Posted in Listed

Favourite Distant (Re)Discoveries 2020

5. Isobel Campbell – Runnin’ Down a Dream (Song): When the first round of COVID hit in March of this year, it was not uncommon to see streams of people walking down our otherwise quiet street. I joined the walkers, as I always do, and this track was a main listening experience at that time. The great Tom Petty song gets redone with a hovering synth that sounds like a drone and Isobel’s barely above a whisper vocals.

4. Alice Boman – Don’t Forget About Me (Song):  My favourite track of the year that was actually released in 2019. It likely popped up on an Apple playlist early in the new year and was instantly slotted in as a constant listen. The two beat percussion that appears a handful of times is a subtle highlight but it’s the lyrics that really hit. “I don’t want to ruin this illusion/by saying something wrong/so I say nothing at all” – Devastating.

3. Bjork – Debut (Album):  At some point in the 90s I owned Bjork’s Debut album. And at some point in the 90s I sold it just to buy it back in the last year. I didn’t really get it all those years ago and it took a lot of listens to get it now. But when I did, it stuck. The dreamier second half which is what I ended up listening to the most. A great album by an extraordinary artist.

2. Van Morrison – Astral Weeks (Album):  For the last two years in a row I’ve listened to Van Morrison on bitterly cold winter walks in January. The expert folk, rock and jazz musical bed creates a hazy world where Morrison speaks to you and tries to tell you his dreams. It’s an otherworldly listen that is breathtaking each time. “You breathe in/you breathe out”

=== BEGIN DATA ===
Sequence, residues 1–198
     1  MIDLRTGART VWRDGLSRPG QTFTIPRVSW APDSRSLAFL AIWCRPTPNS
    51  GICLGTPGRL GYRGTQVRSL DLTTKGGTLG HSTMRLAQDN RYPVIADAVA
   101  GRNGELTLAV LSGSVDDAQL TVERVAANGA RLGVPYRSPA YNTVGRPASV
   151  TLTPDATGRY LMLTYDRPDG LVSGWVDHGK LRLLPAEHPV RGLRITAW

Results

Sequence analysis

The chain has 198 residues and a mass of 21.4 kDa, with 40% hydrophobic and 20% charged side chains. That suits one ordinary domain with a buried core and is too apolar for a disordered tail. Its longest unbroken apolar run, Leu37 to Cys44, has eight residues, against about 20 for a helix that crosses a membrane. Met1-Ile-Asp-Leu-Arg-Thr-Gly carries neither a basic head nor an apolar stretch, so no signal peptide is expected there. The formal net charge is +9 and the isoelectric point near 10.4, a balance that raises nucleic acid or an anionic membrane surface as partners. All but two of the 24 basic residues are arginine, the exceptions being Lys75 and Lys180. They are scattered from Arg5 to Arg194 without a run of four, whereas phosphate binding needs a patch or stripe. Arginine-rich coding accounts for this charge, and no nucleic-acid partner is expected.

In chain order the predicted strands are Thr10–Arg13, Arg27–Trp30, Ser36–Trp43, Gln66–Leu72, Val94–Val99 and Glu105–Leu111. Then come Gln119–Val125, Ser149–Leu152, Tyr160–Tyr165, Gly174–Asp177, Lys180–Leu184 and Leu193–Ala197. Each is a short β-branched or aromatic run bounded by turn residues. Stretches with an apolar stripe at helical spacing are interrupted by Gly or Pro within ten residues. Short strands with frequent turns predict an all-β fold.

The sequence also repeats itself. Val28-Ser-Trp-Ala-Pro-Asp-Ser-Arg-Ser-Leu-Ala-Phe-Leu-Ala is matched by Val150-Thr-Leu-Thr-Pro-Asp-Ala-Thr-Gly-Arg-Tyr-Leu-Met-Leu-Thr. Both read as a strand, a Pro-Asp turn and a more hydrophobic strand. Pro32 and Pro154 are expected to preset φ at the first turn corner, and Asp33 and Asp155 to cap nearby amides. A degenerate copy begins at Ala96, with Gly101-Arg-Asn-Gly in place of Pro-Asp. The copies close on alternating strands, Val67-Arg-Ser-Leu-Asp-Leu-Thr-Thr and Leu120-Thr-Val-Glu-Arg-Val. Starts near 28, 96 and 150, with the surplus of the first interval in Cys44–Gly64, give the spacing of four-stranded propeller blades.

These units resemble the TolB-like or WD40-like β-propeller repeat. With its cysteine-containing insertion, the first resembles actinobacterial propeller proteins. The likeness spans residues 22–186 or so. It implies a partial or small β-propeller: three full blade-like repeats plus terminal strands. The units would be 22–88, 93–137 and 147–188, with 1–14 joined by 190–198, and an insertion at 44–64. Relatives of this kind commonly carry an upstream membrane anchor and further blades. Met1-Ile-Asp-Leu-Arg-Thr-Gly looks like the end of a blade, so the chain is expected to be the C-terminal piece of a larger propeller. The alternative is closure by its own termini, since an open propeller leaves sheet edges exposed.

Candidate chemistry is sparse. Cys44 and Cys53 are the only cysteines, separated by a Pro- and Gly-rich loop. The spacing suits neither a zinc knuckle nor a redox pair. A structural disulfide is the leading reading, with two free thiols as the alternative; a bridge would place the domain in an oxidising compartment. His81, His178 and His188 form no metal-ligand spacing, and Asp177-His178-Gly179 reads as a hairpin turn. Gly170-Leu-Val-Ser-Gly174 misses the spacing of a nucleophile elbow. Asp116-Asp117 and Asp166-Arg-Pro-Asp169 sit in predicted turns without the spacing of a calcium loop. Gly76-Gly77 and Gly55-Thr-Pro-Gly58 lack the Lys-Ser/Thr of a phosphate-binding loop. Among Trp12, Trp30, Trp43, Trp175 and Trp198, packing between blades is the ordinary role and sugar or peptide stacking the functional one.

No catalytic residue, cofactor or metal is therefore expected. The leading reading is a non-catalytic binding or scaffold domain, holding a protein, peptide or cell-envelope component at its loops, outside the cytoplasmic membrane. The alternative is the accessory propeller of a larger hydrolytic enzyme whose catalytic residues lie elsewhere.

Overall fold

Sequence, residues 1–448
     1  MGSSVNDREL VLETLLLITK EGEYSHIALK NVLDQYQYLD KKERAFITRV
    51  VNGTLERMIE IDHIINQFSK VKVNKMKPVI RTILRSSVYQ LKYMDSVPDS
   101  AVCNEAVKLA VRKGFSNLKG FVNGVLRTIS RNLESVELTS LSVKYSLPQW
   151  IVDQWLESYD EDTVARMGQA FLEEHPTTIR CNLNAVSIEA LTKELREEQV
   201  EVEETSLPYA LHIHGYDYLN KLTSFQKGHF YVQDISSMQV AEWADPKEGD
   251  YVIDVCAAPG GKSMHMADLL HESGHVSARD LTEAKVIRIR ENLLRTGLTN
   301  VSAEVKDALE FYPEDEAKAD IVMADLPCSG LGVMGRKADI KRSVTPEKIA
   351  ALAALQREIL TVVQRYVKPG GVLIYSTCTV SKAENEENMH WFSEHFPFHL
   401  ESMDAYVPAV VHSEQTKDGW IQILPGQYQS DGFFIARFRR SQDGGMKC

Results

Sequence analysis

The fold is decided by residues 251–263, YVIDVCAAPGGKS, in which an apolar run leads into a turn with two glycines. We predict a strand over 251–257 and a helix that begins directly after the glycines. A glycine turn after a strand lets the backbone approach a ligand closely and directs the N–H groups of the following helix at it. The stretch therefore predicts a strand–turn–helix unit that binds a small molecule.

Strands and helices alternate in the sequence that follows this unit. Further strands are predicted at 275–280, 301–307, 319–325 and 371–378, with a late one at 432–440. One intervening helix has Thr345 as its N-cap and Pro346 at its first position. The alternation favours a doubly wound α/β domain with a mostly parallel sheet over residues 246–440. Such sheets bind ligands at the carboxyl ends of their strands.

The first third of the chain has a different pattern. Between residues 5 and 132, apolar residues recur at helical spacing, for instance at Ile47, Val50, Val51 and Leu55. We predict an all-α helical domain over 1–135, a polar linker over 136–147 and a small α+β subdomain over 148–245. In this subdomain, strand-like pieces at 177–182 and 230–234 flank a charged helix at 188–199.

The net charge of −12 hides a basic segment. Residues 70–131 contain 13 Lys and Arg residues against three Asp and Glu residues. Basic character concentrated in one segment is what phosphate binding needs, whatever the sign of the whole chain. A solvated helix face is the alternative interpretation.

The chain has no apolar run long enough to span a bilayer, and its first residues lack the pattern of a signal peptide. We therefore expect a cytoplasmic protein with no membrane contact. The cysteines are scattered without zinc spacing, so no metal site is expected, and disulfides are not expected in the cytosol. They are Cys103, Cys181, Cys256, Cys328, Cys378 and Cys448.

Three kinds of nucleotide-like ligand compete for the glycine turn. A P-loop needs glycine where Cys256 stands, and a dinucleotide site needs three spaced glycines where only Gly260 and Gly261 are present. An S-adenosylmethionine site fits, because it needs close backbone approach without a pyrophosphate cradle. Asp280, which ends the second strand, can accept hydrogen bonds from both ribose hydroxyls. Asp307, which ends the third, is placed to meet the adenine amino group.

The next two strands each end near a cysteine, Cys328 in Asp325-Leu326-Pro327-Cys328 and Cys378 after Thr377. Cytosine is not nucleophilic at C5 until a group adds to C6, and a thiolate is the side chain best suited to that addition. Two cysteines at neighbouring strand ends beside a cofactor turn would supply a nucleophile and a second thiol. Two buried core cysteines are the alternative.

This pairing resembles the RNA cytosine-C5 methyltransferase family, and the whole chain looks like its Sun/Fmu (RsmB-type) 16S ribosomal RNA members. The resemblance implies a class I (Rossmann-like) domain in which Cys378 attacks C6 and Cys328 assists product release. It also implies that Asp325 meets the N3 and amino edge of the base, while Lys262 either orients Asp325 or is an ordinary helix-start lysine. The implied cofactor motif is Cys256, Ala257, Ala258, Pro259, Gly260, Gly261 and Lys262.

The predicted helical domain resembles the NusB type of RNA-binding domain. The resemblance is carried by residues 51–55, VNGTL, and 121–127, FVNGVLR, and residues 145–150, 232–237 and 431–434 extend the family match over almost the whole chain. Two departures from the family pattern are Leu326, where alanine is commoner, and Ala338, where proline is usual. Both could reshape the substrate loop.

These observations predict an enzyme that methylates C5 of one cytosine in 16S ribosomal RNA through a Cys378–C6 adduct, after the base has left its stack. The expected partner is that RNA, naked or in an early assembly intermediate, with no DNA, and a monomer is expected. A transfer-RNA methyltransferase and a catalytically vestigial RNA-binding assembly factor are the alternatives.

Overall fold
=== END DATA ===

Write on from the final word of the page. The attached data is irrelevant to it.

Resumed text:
1. The Beastie Boys – Beastie Boys Music (Album) – The Beastie Boys released this single disc greatest hits in late October of 2020. For some, this music has always been with us. Hearing “(You Gotta) Fight For Your Right (To Party)” on a cheap ghetto blaster as an 11 year old in hockey dressing rooms, “Sabotage” at Lollapalooza in the early 90s, “Intergalatic” banging out of club speakers in the late 90s, and back to “Paul Revere” in a Vegas lounge side room to a small handful of partygoers. The Beastie Boys have never been too far from the stereo over the years but hearing this collection of songs brought their greatness back to the forefront. A must have for all 40 year old rock, rap, and alternative music fans.

Posted in Album Reviews

Isobel Campbell – There Is No Other (2020)

717AfLvStzL._AC_UY327_QL65_ML3_In 2000 I worked my day shift at The Bull pub in London and set out on my own for a Saturday night. I had a ticket to see Isobel Campbell perform as The Gentle Waves. It was a really small venue that I had never been to before. That night’s special was a shot of Bailey’s of which I had several. The quietness coming from the stage was occasionally drowned out by the bartender making a drink. It was a wonderful night, one of my favourites while living in the great city.

Isobel returns with her first solo album in 14 years. Like that night in London, her vocals are barely above a whisper but emanate quiet power on tracks such as “The Heart of It All” and “Hey World”. What really elevates There Is No Other are the little touches that separate the tracks. “Rainbow” evokes 1960s Californian tiki bars and there is a one person call and response on late album highlight “Counting Fireflies”.

The center of There Is No Other is her cover of Tom Petty’s “Runnin Down a Dream”. A drum machine holds down the low end, a synth creates tension while Campbell’s hushed vocal sounds like a lullaby. “The National Bird of India” says “don’t ask questions, he just is”. This is a good metaphor for Isobel Campbell, she just is and continues to create soft songs that that glow with a bright heart.